Adam Przeworski (; born May 5, 1940) is a Polish-American professor of political science. One of the most important theorists and analysts of democratic societies, theory of democracy and political economy, he is currently a full professor at the Wilf Family Department of Politics of New York University.


Born in 1940 in Warsaw, Poland, Przeworski graduated from Warsaw University in 1961. Soon afterwards, he moved to the United States, where he received his Ph.D. at Northwestern University in 1966. He taught at the University of Chicago, where he was awarded with the title of ''Martin A. Ryerson Distinguished Service Professor''. He also held visiting appointments in India, Chile, Great Britain, France, Germany, Spain (Juan March Institute), and Switzerland. Since 1991, Przeworski has been a member of the American Academy of Arts and Sciences, and in 2001 shared the Woodrow Wilson Prize for the book ''Democracy and Development''. 2010, he was awarded the Johan Skytte Prize in Political Science for "raising the scientific standards regarding the analysis of the relations between democracy, capitalism and economic development". To date, he has authored 13 books and numerous articles. Przeworski was a member of the September Group of analytical Marxists but left the group in 1993. His uncle Andrzej Przeworski was a Polish footballer, referee and manager.

''Capitalism and Social Democracy''

In ''Capitalism and Social Democracy'', Przeworski argues that European socialist parties in the first half of the 20th century faced a sequence of electoral dilemmas. The first dilemma was whether or not to participate in bourgeois elections, when universal suffrage was progressively established in Europe. The question was whether or not participation would contribute to the struggle for socialism or strengthen the capitalist order. According to Przeworski, most socialist parties have opted to get involved in elections, since it was a means to advance some of the interests of workers in the short run and, as references to Friedrich Engels and Eduard Bernstein illustrate in Przeworski's book, to move toward socialism. According to Przeworski, the decision to participate in bourgeois elections led to another dilemma. Given that manual workers were not the numerical majority in any European country, to win elections they had to choose whether or not to compromise their socialist principles and adopt a social democratic agenda to attract the support of allies, especially the middle class. Such compromise had major consequences for socialist parties, including the withdrawal of support of workers, the abandoning of extra-parliamentary tactics, and progressively the defection from socialist policies when in power. Criticism to Przeworski's account of the dilemmas of social democratic parties have been at least twofold. First, it has been shown that numerical majority is not necessary for social democratic parties to control governments, which implies that social democratic parties do not necessarily need to sacrifice workers’ votes to win elections. Second, Gøsta Esping-Andersen argues that Przeworski is mistaken in attempting to differentiate reformist and revolutionary policies, since "we have no accepted criteria for deciding which actions will merely reflect the status quo and which will accelerate historical transformation." Esping-Andersen suggests that policies that leftist parties adopt should be compared based on how they aid the process of class unity.Gøsta Esping-Andersen, ''Politics against Markets'' (Princeton: Princeton University Press, 1985), p. 10.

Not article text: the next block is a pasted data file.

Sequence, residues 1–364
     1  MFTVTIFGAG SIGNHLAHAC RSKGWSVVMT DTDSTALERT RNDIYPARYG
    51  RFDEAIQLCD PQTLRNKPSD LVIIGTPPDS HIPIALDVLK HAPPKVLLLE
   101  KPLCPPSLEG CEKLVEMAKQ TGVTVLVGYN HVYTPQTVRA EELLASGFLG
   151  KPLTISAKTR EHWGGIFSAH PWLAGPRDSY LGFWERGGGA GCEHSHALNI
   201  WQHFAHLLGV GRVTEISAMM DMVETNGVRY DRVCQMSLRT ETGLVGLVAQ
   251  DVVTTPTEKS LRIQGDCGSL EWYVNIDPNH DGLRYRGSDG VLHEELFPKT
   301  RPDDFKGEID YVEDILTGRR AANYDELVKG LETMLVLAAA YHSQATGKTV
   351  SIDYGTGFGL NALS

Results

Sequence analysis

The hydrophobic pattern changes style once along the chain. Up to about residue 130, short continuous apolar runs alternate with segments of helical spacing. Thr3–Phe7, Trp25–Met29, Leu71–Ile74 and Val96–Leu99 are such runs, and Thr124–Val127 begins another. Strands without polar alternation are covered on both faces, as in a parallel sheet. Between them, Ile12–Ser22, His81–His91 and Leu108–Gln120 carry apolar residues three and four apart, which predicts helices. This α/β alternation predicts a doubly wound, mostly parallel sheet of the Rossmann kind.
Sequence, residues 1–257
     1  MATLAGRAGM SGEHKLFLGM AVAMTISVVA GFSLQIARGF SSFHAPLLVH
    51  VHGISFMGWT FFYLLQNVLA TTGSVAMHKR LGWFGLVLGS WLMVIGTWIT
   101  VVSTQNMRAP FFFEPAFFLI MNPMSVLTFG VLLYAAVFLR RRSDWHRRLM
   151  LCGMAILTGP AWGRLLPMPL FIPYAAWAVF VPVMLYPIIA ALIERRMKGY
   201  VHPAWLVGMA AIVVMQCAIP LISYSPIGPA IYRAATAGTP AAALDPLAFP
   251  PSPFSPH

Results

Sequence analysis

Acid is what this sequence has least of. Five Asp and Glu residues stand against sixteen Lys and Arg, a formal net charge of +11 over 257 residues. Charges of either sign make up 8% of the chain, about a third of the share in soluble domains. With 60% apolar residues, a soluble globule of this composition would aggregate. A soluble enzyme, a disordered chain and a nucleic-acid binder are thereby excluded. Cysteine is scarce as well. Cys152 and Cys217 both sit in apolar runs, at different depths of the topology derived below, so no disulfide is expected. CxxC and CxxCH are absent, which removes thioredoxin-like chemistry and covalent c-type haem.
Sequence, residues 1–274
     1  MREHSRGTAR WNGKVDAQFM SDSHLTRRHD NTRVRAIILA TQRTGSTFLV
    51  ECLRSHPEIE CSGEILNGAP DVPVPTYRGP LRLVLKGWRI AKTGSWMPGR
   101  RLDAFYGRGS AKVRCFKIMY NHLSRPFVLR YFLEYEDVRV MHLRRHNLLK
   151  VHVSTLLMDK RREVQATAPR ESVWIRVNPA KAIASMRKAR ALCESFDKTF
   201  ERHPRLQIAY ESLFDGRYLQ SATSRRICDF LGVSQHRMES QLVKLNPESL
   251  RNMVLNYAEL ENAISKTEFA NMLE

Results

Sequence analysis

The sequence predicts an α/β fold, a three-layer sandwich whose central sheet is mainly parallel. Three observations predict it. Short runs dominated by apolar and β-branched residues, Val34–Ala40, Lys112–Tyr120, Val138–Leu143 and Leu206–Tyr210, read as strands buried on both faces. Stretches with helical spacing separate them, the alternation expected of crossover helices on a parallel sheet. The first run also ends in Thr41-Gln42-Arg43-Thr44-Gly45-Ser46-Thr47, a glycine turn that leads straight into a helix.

Major works

* * * * *

Recent works

* Adam Przeworski (2009)
Mechanics of Regime Instability in Latin America''
in: Journal of Politics in Latin America 1/2009. S.5-36 * * Adam Przeworski (2019) Crises of Democracy, Cambridge University Press.

See also

* Democracy-Dictatorship Index



Adam Przeworski
New York University. Official Web Page. Faculty.
Gerardo L. Munck interview with Przeworski (in English
(2003, 62 pages, pdf
(in Spanish)
{{DEFAULTSORT:Przeworski, Adam Category:1940 births Category:American male non-fiction writers Category:American political scientists Category:American political writers Category:Living people Category:New York University faculty Category:Northwestern University alumni Category:Polish emigrants to the United States Category:Polish political scientists Category:University of Chicago faculty Category:University of Warsaw alumni